Lament over Sin

Also see:

Preface to a Life in Tension

Other ways to engage online:

Author site: http://www.StephenWHiemstra.net Publisher site: http://www.T2Pneuma.com

Newsletter: http://bit.ly/Lent_2020  

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Joy in Sorrow: Monday Monologues, Podcast on March 16, 2020

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Stephen W. Hiemstra 2020 (Ken Burtram Photography)

By Stephen W. Hiemstra

This morning I will share a prayer and reflect on Joy in Sorrow. After listening, please click here to take a brief listener survey (10 questions).

To listen, click on this link.

Hear the words; Walk the steps; Experience the joy!

Joy in Sorrow: Monday Monologues, Podcast on March 16, 2020

Also see:

Monday Monologue On March 26, 2018 

Other ways to engage online:

Author site: http://www.StephenWHiemstra.net, Publisher site: http://www.T2Pneuma.com.

Newsletter: http://bit.ly/Lent_2020

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Joy in Sorrow

Life_in_Tension_revision_front_20200101Honored are those who mourn, 

for they shall be comforted. 

(Matt 5:4)

By Stephen W. Hiemstra

The tension within ourselves is never more obvious than when we grieve. Grief vanquishes all pretense of our self-sufficiency as we cry out to God from the bottom of our hearts and acknowledge our dependence and loss. This loss and subsequent grief is the most basic form of human suffering (France 2007, 109). Because grief and blessing sit at opposite ends of the emotional spectrum—one feels cursed, not blessed in mourning, it is paradoxical to be honored for mourning.

Mourning and Comfort

Mourning and comfort are brought together in Matthew’s rendering of the Second Beatitude. The Greek word for mourning (πενθέω; “pentheo”) means—“to experience sadness as the result of some condition or circumstance, be sad, grieve, mourn” (BDAG 5773.1). Meanwhile, the word for comfort (παρακαλέω; “parakaleo“) means—“to instill someone with courage or cheer, comfort, encourage, cheer up” (BDAG 5584(4)).

Luke’s rendering of the Beatitude speaks not of mourning and comfort, but of crying and laughter. In the Second Beatitude, Matthew focuses on the inward tension and release of grief (mourning/encouragement) while Luke focuses on its outward expression (crying/laughing). The Apostle Paul sees this inward tension as critically important in our spiritual formation. He writes: “For godly grief (θεὸν λύπη; “theo lupe”) produces a repentance that leads to salvation without regret, whereas worldly grief produces death” (2 Cor 7:10). Paul uses an entirely different word for grief in the Greek that means: “pain of mind or spirit, grief, sorrow, affliction” (BDAG 4625). In Paul’s analysis we see grief tinged with guilt and shame—a motivator for repentance.

The Object of Mourning

In Matthew’s Gospel, Jesus is the object of mourning, which appears only once before and once after the Second Beatitude. Before the Beatitude, Matthew records the mourning of Jewish mothers after King Herod’s slaughter of innocents in Bethlehem (Matt 2:18). Matthew cites the Prophet Jeremiah:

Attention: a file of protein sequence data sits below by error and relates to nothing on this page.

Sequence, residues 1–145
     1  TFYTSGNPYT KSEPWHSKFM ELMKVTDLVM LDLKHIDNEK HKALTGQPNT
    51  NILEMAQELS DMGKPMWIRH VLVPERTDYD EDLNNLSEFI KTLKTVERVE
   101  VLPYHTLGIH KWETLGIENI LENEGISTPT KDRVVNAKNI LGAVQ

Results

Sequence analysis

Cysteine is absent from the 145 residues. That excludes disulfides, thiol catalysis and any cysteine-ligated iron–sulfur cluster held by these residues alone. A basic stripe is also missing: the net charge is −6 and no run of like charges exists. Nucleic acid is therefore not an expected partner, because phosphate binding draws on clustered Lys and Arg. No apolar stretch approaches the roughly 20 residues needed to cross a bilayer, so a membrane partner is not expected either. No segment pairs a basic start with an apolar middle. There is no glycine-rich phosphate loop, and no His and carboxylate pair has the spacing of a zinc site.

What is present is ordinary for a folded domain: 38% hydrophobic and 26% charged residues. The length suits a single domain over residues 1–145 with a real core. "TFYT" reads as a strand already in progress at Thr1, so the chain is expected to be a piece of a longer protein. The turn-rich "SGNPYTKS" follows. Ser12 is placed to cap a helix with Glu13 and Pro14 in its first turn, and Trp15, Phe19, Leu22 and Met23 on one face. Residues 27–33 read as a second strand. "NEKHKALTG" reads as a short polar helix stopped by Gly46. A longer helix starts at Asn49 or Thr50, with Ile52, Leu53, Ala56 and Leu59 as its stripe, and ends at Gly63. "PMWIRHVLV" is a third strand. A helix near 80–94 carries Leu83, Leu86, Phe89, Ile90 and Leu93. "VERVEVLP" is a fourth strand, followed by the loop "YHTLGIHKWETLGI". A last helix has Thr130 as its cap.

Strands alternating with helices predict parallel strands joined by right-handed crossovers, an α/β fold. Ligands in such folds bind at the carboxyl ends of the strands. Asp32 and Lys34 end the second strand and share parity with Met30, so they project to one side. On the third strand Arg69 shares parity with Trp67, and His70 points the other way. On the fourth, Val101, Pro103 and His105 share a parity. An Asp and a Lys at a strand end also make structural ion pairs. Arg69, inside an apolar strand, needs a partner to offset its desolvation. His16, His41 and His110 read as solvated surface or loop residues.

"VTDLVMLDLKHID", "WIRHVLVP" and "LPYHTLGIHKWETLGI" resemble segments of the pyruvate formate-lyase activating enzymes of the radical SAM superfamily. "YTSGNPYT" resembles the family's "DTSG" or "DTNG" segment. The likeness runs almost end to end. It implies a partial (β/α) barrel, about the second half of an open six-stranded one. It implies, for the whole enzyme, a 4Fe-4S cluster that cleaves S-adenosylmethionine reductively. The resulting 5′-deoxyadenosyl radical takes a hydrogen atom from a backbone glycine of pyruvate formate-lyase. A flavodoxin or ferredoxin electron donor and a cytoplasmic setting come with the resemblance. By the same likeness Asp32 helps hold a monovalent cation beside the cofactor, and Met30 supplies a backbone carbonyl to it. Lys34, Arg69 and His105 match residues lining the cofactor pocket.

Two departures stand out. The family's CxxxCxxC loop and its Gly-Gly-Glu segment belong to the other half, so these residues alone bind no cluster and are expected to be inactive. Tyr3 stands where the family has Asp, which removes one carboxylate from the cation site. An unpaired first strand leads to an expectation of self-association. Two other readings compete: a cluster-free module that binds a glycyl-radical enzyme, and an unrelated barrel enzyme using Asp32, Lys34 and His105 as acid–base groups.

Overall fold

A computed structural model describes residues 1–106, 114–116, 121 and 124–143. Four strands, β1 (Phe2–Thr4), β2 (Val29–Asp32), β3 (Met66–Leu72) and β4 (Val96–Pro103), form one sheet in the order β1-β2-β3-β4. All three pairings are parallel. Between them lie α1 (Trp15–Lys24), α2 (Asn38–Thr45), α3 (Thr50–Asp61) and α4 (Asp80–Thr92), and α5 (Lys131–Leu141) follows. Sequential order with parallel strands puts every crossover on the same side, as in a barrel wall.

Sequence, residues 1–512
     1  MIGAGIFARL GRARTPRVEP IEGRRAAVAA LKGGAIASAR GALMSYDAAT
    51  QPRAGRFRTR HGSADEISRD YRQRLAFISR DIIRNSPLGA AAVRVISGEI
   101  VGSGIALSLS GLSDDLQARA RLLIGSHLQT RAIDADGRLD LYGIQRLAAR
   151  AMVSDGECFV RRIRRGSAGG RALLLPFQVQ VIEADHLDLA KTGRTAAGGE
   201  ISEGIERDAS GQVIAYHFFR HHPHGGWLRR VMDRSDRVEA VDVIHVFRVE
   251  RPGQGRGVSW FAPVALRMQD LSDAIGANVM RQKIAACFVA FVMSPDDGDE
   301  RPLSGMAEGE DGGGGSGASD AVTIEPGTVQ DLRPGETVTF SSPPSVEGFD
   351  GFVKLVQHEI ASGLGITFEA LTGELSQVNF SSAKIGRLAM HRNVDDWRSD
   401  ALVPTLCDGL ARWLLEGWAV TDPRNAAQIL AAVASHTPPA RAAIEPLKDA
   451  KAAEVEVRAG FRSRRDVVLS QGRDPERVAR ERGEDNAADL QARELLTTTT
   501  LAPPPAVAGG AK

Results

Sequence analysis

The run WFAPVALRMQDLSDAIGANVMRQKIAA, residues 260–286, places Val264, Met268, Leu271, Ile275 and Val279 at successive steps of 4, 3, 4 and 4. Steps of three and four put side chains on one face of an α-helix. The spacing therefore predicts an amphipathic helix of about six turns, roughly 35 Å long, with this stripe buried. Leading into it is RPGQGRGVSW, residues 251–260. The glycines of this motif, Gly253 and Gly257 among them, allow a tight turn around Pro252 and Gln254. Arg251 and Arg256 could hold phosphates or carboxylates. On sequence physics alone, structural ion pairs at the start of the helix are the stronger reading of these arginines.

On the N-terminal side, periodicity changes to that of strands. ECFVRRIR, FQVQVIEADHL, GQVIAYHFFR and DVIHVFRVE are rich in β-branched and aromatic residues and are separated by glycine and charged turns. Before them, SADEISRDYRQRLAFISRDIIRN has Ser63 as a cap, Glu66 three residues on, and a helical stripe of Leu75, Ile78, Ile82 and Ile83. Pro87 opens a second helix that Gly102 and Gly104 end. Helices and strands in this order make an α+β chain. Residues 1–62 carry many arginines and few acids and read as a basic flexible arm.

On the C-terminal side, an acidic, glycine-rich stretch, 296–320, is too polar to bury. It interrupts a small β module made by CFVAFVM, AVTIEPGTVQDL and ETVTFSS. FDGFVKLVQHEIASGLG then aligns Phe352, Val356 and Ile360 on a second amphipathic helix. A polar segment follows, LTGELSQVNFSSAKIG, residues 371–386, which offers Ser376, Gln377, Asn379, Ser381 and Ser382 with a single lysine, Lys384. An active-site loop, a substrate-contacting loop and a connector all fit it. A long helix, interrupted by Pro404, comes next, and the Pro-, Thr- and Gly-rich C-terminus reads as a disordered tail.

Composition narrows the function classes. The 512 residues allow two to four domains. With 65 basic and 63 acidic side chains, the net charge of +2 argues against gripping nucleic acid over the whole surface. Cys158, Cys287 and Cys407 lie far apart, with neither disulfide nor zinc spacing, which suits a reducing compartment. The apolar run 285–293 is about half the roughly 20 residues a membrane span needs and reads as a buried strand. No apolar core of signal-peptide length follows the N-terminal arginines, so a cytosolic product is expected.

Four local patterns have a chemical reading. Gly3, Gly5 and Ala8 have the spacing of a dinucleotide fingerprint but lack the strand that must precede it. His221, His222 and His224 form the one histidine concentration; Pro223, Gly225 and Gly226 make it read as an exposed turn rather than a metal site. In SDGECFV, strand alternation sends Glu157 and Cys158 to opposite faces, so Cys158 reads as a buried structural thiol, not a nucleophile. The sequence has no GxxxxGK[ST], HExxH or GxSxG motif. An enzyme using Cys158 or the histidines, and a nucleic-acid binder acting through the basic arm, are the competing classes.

A voice is heard in Ramah, lamentation and bitter weeping. Rachel is weeping for her children; she refuses to be comforted for her children, because they are no more. (Jer 31:15)

Rachel died in child-birth when her second son was born. She called him—Ben-omi (son of my sorrow)—but Jacob renamed him: Benjamin (son my right hand; Gen 35:18). In the quote from Jeremiah the Greek word for weep (κλαίω) is the same word as used in Luke’s Second Beatitude and it simply means: weep or cry (BDAG 4251.1).

After the Beatitude, Matthew reports Jesus telling a short parable:

And Jesus said to them, Can the wedding guests mourn as long as the bridegroom is with them? The days will come when the bridegroom is taken away from them, and then they will fast. (Matt 9:15)

Because mourning accompanies both Jesus’ incarnation (the slaughter of innocents) and his ascension (Jesus’ parable), for Matthew the object of mourning is always Jesus.  Underscoring this point, note that the stories of the widow at Nain (Luke 7:11–16) and Lazarus (John 11–12), which have obvious references to mourning, do not appear in Matthew. A possible exception to this generalization about mourning are the references to hell as a place of weeping and gnashing of teeth (Matt 8:12, 13:42, 13:50, 22:13, 24:51, and 25:30).

Why Does God Mourn?

If mourning requires an object, what does Jesus mourn for? Much like God mourned over sin before sending the flood (Gen 6:6), Jesus mourned over the sin of the nation of Israel, borrowing words from the Prophet Isaiah: “to comfort all who mourn” (Isa 61:2). Isaiah 61 connects the Beatitudes and Jesus’ call sermon and draws attention to Jesus’ role as a prophetic messiah. Messiah is the Hebrew word translated as Christ in Greek—both mean anointed one (John 1:41; BDAG 4834). In Jewish tradition, prophets, kings, and priests were anointed which explains the three types of messiahs and points to three offices of Jesus’ messianic ministry.